Panik Stepping Up For St. John's

CHAPEL HILL, N.C.—Playing baseball his whole life in New York, Joe Panik heard plenty about how good the baseball players were anywhere but in the North. He knew the reputation the Southeastern and Pacific-10 conferences had crafted as the best conferences in college baseball.

But in just three months last summer, Panik showed that he—the St. John's shortstop from Yonkers, N.Y., owner of a voice thick with an accent unmistakably from the Big Apple, not the South—belonged among the best college players in the country.

That was Panik going 1-for-3 with a walk and an RBI against Drew Pomeranz in the Charlottesville, Va., Regional last June. The Mississippi ace would become the No. 5 overall pick in the draft three days later.

That was Panik starting at shortstop for the Eastern Division in the prestigious Cape Cod League all-star game at Fenway Park last July.

That was Panik winning the league's sportsmanship award, as voted by the umpires last August. And that was Panik ranking as the loaded league's No. 24 prospect, ahead of Pac-10 home run champion Ricky Oropesa, among plenty of others.

St. John's coach Ed Blankmeyer has come to expect his star shortstop will shine on the biggest stages.

"Joe's a quality guy, a quality kid from a good family," Blankmeyer said. "He's one of the best players that I've ever coached in my 30 years, as a player and as a person."

Blankmeyer's coaching career has included eight first-round draft picks, including future stars such as Craig Biggio, John Valentin and Mo Vaughn. If things continue to break right for Panik this spring, he could become the ninth name on that list, a testament to the hard work he put in this summer to improve his hitting and speed.

"I feel like both of those things combined have not only helped me put quality swings on the ball, but help me leg out infield hits and move around the bases a lot better," Panik said.

The adjustments Panik made in the offseason are beginning to show this year. Through 67 at-bats, he is hitting .418/.547/.537 and is 7-for-7 in stolen bases. Blankmeyer said Panik's improved foot speed is helping him in the field, where has only made one error in 17 games.

"He certainly has worked on his athleticism," Blankmeyer said. "Everyone wants great athletes playing baseball."

When Panik started the Cape League all-star game, his backup in that game was North Carolina's Levi Michael, another highly touted draft prospect. The two top college shortstops met again March 9 for a midweek game at North Carolina. Michael and the Tar Heels came away with an 8-1 victory and Panik was held hitless, but coaches who have watched both play think they are comparable.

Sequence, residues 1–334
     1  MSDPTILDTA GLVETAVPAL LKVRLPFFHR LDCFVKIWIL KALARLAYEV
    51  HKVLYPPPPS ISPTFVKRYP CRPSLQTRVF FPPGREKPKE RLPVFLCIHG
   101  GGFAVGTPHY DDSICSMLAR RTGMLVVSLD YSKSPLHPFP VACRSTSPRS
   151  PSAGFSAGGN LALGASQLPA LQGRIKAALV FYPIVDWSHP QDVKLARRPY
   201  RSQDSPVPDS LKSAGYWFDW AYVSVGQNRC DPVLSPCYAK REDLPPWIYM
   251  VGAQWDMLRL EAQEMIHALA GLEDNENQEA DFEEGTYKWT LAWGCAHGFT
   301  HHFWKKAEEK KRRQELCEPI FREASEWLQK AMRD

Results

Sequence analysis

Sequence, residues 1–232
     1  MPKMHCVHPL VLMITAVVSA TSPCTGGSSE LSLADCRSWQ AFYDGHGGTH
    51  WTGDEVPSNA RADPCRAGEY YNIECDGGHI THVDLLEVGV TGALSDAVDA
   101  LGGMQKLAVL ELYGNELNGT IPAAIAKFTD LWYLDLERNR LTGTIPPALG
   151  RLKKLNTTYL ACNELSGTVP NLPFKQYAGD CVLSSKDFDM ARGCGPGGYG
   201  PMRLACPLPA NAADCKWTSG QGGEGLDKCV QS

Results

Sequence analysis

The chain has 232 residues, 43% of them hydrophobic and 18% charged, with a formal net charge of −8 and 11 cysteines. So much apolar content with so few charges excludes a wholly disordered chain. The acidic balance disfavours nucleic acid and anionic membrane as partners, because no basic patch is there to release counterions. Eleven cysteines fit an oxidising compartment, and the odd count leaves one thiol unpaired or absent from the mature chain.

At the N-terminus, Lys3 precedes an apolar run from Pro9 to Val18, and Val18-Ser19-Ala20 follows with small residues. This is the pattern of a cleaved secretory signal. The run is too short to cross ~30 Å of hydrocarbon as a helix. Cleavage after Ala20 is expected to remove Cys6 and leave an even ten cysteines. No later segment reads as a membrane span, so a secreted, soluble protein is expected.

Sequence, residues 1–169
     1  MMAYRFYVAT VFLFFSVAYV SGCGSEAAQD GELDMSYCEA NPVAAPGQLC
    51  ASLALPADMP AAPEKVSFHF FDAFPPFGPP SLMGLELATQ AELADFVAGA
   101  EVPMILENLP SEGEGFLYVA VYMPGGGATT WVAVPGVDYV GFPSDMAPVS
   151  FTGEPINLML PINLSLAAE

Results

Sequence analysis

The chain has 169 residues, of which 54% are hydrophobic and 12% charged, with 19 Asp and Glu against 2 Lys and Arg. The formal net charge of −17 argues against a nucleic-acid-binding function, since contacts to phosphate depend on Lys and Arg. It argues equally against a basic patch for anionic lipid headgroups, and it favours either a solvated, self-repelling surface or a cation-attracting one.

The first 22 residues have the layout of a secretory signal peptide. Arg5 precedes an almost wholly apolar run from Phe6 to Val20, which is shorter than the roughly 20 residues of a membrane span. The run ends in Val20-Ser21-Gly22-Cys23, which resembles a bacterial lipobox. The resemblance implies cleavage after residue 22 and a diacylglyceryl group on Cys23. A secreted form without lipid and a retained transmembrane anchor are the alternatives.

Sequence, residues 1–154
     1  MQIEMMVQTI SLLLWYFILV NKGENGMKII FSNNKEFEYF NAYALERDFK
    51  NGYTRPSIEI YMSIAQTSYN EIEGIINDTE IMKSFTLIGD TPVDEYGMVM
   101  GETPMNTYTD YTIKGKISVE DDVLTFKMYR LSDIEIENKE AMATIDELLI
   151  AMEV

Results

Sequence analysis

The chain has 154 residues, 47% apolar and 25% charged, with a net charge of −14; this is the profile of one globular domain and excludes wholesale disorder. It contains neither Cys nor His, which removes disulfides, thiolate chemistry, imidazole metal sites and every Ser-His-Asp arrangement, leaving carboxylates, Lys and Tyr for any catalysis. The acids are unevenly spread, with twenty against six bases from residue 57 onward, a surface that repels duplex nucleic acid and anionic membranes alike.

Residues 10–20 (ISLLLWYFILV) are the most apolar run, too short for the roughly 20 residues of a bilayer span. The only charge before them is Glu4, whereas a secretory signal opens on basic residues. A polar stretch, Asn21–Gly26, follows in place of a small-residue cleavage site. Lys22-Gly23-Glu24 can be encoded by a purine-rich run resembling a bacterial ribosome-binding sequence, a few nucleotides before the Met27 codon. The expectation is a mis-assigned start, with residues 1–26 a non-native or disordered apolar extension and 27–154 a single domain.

"They're both dynamic players, they help the team go," Seton Hall coach Rob Sheppard said. "They're very good on both ends, both defensively and offensively. I think they're very similar type players."

Because Michael moved to shortstop from third base this year, Blankmeyer has only seen him play one game as a shortstop. But he sees similarities between Michael and his own star at the plate, calling both very good hitters.

After improving his hitting last summer, Panik's draft position will likely hinge on whether scouts believe he can remain a shortstop at the next level. One National League area scout said the greatest obstacle for Panik staying at short is his average throwing arm, which is shy of what most teams are looking for at the position. Panik is aware of concerns about his ability to remain a shortstop, and it was one of the reasons he worked to improve his quickness.

"I think my glove was the best part of my game," Panik said. "But now I feel like to take my game to the next level (I need) to be able to hit better and especially run better to be able to stay at shortstop."

But that, like everything else related to the draft, is not on Panik's mind now. He said in the summer and fall he dealt with a lot of scouts, but is now focusing on helping St. John's get back on track.

The Red Storm was ranked No. 23 in the preseason but had an inconsistent start to the spring. St. John's 5-8 record start was disappointing for Panik (the Red Storm has since rebounded with four straight wins to climb above .500), but he knows the team is still capable of reaching the NCAA tournament again.

Last year, St. John's capped an improbable run through the Big East tournament by knocking out SEC-power Ole Miss, and it came within a victory of upsetting No. 5 Virginia to win the Charlottesville Regional.

"It was a great experience," Panik said. "Going into the Big East tournament we weren't going to get an at large bid. We took four straight games against some quality teams, Louisville and (Connecticut).

"(Regionals) was a great experience; we just came up a couple runs short. Our guys showed a lot of resiliency those two weekends."

Resiliency is part of what the Red Storm will need as it looks to get back on track this season. Both Panik and Blankmeyer cited consistency as the team's chief problem in the year's first 11 games.

And that makes Panik the best person to lead a Red Storm turnaround in the coming months. Because not only does Blankmeyer call Panik one of the most talented players he's coached, he's also one of the steadiest.

"Joe's consistent," Blankmeyer said. "He's a level-headed young man. He doesn't play too high or too low. He's mature beyond his age."